Human Genetics

, Volume 80, Issue 1, pp 53–58 | Cite as

Myopia and intelligence:a pleiotropic relationship?

  • Sanford J. Cohn
  • Catherine M. G. Cohn
  • Arthur R. Jensen
Original Investigations

Summary

The well-established association between myopia and superior intelligence in the general population was investigated in a group of intellectually gifted children and their less gifted full siblings to determine whether the relationship of myopia to psychometric intelligence is consistent with the hypothesis of pleiotropy, i.e., both characteristics are affected by the same gene or set of genes. Failure to find a difference in degree of myopia, assessed as a metric variable, between intellectually gifted and nongifted siblings would contradict pleiotropy. A variety of possible causal pathways, both genetic and environmental, have been hypothesized in the literature to explain the relationship between intelligence and myopia, and these still cannot be ruled out. It is theoretically noteworthy, however, in view of the independent evidence for the considerable heritability of both intelligence and myopia, that the highly significant gifted-nongifted sibling difference in myopia found in the present study is consistent with the hypothesis that intelligence and myopia are related pleiotropically.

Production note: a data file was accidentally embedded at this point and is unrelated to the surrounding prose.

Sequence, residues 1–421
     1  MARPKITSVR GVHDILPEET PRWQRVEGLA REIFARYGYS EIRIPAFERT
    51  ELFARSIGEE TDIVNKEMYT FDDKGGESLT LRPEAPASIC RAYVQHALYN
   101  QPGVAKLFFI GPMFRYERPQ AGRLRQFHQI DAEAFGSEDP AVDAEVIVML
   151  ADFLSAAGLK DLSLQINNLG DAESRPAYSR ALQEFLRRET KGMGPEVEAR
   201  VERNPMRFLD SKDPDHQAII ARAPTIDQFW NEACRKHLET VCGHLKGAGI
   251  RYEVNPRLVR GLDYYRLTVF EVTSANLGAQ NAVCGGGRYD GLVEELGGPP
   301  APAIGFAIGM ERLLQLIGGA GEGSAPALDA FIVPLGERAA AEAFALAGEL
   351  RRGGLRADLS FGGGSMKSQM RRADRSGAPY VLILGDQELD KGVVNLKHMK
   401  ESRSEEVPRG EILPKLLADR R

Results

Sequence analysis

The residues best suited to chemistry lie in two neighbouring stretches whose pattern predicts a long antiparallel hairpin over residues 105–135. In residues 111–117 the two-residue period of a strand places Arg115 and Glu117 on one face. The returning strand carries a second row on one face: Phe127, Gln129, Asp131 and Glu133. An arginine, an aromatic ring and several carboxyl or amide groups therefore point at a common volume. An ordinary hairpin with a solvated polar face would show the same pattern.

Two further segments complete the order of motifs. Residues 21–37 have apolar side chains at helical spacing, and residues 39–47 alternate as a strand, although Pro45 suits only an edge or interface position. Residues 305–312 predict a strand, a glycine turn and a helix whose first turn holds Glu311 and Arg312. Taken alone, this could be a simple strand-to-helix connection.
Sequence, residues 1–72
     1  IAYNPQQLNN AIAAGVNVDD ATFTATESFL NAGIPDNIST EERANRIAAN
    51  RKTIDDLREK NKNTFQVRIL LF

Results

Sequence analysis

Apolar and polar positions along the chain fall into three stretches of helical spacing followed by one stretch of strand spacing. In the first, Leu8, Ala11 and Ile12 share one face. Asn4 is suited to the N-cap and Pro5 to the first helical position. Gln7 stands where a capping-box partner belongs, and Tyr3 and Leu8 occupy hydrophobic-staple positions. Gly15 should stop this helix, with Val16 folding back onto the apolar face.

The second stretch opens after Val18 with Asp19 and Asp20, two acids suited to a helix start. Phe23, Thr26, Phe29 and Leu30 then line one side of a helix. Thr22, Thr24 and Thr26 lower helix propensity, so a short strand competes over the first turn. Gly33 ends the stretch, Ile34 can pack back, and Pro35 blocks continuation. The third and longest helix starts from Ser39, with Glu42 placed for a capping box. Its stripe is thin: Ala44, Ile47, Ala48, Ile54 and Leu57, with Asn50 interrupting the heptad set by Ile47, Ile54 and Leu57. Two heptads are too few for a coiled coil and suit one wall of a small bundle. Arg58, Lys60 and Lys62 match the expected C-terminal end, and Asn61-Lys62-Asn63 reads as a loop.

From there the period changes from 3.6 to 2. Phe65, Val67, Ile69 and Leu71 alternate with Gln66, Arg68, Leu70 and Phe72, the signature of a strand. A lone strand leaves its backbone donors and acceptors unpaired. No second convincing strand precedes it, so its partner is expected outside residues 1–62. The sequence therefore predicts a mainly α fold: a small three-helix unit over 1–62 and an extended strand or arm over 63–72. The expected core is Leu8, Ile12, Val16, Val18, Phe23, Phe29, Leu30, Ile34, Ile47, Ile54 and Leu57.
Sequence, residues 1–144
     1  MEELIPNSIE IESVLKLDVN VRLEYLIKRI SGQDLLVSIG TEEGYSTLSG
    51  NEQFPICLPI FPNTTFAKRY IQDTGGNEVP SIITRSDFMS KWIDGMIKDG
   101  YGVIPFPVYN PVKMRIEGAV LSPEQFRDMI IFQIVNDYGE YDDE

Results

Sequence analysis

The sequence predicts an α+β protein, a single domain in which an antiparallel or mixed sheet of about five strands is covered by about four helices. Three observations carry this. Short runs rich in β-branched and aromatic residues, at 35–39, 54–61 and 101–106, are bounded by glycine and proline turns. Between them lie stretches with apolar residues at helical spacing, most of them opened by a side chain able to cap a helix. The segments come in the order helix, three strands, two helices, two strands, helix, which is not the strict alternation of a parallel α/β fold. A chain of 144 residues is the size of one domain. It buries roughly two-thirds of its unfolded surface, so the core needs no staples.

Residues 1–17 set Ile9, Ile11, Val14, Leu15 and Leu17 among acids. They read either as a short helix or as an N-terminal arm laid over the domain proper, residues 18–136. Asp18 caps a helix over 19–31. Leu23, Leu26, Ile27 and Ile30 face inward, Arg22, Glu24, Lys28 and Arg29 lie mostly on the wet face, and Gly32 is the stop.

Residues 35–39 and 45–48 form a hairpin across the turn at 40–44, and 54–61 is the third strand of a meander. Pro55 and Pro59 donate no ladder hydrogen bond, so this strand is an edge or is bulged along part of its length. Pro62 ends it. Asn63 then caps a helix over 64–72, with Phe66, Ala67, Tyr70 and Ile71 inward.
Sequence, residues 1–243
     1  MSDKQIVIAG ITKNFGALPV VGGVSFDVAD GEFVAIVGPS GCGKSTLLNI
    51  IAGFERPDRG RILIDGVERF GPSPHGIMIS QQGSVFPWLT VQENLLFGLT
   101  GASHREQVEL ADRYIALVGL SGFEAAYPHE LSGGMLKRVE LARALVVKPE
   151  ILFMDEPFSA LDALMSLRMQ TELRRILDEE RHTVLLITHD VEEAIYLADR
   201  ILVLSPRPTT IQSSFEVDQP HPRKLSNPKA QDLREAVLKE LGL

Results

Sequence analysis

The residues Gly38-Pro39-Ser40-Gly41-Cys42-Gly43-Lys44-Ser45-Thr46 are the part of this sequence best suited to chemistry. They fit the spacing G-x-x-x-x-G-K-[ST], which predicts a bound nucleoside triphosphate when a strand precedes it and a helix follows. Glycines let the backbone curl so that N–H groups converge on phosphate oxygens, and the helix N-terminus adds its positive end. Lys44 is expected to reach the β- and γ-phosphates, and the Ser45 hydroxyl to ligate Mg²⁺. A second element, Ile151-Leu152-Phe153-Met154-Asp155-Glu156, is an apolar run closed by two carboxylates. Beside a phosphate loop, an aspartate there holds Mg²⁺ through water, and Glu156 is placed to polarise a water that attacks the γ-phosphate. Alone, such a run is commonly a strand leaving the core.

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Copyright information

© Springer-Verlag 1988

Authors and Affiliations

  • Sanford J. Cohn
    • 1
  • Catherine M. G. Cohn
    • 1
  • Arthur R. Jensen
    • 2
  1. 1.College of EducationArizona State UniversityTempeUSA
  2. 2.School of EducationUniversity of CaliforniaBerkeleyUSA

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